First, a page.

CHAPTER 42 The Effects of Training on Echocardiographic Measurements
The heart has a unique capacity for adapting to altered loading conditions. In the face of increased physical demands, the heart increases the volume of blood pumped by increasing stroke volume and heart rate. For short-term needs, the heart can cope with the greater volume or pressure loads. However, when the overload is sustained over time, such as during exercise, left ventricular (LV) hypertrophy (i.e., an increase in LV muscle mass) develops. Left ventricular hypertrophy is a physiologic phenomenon described in human and equine athletes as “athlete’s heart.” Pathologic LV hypertrophy can be induced by chronic hypertension and cardiac valvular disease and the ensuing pressure overload. Pathologic LV hypertrophy is distinguished from physiologic cardiac hypertrophy by the lability of the latter, with regression of hypertrophy after overload is removed. The increased LV wall thickness in elite athletes and racehorses regresses after deconditioning, whereas ventricular wall thickness in individuals with pathologic LV hypertrophy does not regress.
Cardiac hypertrophy secondary to exercise was first described in humans and animals more than a century ago. Recently, echocardiographic studies in racehorses revealed that the heart of racehorses undergoes hypertrophy and, together with anecdotal reports of record-breaking racehorses having extraordinarily large hearts at postmortem examination, this information has supported the concept that heart size and athletic performance are related. Information about cardiac size and morphology in a horse would ideally enable breeders, buyers, and trainers to predict and select the most talented horses if the theory of correlation between cardiac size and performance holds in practice. During recent years, echocardiographic studies in both Thoroughbreds and Standardbred trotters have supported the correlation between heart size and racing success, particularly in horses racing over longer distances. Studies in 3-day-event, endurance, and show jumping horses are sparse.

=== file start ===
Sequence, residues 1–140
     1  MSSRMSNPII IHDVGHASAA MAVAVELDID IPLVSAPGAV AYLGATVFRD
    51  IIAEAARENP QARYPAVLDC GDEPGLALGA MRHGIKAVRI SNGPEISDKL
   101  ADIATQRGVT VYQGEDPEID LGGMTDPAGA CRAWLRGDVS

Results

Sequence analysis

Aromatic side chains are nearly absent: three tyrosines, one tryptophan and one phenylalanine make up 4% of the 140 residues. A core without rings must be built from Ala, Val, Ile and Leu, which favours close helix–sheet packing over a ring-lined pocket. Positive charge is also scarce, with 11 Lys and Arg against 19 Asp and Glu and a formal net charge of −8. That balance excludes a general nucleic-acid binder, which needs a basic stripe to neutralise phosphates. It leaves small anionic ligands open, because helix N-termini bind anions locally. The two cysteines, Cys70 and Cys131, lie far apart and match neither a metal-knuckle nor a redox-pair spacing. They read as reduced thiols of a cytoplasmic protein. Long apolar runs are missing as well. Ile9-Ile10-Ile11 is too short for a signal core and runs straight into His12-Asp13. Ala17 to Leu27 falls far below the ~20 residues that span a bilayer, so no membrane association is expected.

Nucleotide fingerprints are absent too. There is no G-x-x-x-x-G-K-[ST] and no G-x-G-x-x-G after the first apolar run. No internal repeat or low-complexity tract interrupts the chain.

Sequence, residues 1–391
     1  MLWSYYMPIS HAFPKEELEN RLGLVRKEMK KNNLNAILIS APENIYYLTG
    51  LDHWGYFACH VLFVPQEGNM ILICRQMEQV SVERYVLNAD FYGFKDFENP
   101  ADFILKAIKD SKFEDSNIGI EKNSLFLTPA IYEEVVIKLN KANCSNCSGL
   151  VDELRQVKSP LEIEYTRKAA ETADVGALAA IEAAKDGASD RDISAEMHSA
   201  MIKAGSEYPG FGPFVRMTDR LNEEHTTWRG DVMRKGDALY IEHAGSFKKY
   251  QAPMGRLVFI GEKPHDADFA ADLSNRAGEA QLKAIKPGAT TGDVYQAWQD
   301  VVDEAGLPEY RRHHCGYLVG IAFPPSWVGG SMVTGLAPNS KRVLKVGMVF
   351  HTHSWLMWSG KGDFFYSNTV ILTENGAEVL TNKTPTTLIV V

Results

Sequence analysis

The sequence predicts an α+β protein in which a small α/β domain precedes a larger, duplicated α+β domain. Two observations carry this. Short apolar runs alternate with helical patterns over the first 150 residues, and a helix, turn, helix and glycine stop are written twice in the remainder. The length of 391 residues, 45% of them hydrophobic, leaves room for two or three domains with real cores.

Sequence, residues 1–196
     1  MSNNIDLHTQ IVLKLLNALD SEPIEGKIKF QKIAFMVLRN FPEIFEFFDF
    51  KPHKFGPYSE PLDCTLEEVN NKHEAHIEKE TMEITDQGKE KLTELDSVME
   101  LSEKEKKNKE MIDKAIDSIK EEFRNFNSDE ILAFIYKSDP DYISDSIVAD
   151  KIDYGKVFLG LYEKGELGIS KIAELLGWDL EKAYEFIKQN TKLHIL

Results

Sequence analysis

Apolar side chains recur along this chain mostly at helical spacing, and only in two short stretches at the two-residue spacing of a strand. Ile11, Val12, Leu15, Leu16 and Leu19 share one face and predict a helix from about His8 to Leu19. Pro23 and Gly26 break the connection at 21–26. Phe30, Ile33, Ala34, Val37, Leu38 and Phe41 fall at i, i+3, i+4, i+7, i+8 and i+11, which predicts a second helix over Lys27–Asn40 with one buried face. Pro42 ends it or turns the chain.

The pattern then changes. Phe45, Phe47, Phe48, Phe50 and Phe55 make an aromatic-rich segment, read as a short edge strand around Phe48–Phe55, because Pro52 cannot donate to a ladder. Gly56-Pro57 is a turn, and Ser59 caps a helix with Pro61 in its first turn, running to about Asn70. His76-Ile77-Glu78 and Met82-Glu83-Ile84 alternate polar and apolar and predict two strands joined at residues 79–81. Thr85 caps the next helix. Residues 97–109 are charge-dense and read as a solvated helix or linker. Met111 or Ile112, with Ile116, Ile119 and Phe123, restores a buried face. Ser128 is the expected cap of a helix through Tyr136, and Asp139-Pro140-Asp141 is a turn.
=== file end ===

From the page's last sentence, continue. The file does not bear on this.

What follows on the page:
The effect of physical training on the human heart has demonstrated two morphologic forms of myocardial response to training: an endurance-trained heart and a strength-trained heart, each of which will be described briefly.
Athletes in endurance training (e.g., long- or middle-distance running or cycling) experience long periods of relatively low-intensity exercise with prolonged elevations in cardiac output and heart rate and a proportionately smaller increase in blood pressure. These changes increase venous filling pressure (preload) and diastolic loading of the heart. According to the Law of Laplace, these changes result in increased LV internal diameter with a proportionate increase in wall thickness until stress is returned to normal. Therefore, endurance-trained athletes are presumed to have eccentric LV hypertrophy characterized by an unchanged relationship between LV wall thickness and LV internal diameter.
In contrast, athletes involved primarily in strength exercise (e.g., weightlifting or sprinting) have short bursts of high-intensity exercise and small increases in cardiac output but great increases in blood pressure. The high systemic blood pressure increases arterial pressure (afterload) and hence the pressure that must be overcome by the myocardium. These athletes develop predominantly increased LV wall thickness with unchanged LV internal diameter. Thus, strength-trained athletes are presumed to develop concentric LV hypertrophy, characterized by a higher wall thickness to internal LV diameter ratio.